RIS requires several other services that are also shipped as part of the Windows 2000 Server. These services can be installed on individual servers or on a single server, depending on the network design:
Domain Name Service (DNS) Server. Remote installation relies on DNS for locating the directory service and client computer accounts. Any Windows 2000 Active Directory service-compliant DNS server or the DNS server provided with Windows 2000 Server can be used.
Dynamic Host Configuration Protocol (DHCP) Server. RIS requires a DHCP server to be present and active on the network. The remote boot-enabled client computers receive an IP address from the DHCP server before contacting RIS.
Active Directory. RIS relies on Windows 2000 Active Directory for locating existing client computers as well as existing RIS servers. RIS must be installed on a Windows 2000-based server that has access to Active Directory. This can be a domain controller or a server that is a member of a domain with access to the Active Directory.
Shared Folder Space. The drive on the server where RIS is installed must be formatted with the NTFS file system. RIS requires a significant amount of disk space and cannot be installed on the same drive or partition on which Windows 2000 Server is installed.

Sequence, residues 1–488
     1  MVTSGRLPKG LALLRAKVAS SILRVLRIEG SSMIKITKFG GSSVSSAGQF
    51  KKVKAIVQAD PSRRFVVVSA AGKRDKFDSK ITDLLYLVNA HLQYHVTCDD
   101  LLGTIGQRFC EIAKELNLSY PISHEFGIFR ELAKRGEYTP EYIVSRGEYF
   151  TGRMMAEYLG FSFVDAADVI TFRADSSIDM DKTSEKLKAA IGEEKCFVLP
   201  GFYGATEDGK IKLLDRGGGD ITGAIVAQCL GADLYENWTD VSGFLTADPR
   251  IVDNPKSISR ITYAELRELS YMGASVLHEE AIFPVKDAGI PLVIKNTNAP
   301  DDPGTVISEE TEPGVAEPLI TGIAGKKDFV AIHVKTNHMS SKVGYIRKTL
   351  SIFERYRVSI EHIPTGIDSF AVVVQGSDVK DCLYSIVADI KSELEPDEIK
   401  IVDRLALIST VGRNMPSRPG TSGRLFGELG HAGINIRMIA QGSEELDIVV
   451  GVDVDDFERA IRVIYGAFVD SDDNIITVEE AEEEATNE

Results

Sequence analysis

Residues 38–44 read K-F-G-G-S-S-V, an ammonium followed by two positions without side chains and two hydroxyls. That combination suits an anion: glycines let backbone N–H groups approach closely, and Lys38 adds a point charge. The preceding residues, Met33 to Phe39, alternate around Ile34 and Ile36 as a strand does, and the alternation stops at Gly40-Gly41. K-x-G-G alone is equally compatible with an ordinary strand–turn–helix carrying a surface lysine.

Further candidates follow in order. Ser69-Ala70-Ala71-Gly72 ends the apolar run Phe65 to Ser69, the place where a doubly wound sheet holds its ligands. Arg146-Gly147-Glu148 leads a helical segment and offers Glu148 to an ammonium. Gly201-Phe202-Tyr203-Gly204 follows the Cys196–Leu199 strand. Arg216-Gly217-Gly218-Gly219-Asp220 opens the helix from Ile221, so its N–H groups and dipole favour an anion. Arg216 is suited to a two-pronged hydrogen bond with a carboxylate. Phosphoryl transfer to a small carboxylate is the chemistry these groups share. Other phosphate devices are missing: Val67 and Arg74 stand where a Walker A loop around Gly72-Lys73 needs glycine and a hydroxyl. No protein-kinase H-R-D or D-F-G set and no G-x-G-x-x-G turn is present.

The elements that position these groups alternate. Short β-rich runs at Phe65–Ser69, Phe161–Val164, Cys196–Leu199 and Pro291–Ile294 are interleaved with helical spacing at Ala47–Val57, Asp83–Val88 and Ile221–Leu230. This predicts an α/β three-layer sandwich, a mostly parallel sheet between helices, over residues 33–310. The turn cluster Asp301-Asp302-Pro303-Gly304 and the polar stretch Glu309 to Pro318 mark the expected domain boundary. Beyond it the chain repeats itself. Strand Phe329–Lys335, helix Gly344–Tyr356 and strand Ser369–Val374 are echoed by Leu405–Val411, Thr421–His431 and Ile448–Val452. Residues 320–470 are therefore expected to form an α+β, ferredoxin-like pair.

Symantec Ghost Console Server
Symantec Ghost Console is used principally to deploy Ghost Images and Ghost AI Packages, although it can also distribute files or run commands on remote computers.
The use of such images and packages makes it possible for companies to do remote management of all networked computers effectively. Using the Symantec Ghost Console, you can perform a number of tasks to manage computers. From the Console server, it is possible to:
Roll out software.
Upgrade operating systems.
Migrate user settings.
Execute commands remotely.
An administrator can efficiently manage the networked users by grouping them within Symantec Ghost Console.
If you have created a Ghost image or AI Package that includes CATIA, this is the preferred method of deployment to the desktop.
Systems Management Server
SMS includes advanced and versatile options for the deployment of packages. If you decide to use the SMS packaging tool for CATIA, it must also be used for deployment. It can, however, be used to deploy MSI packages, such as a CATIA package created with WinINSTALL.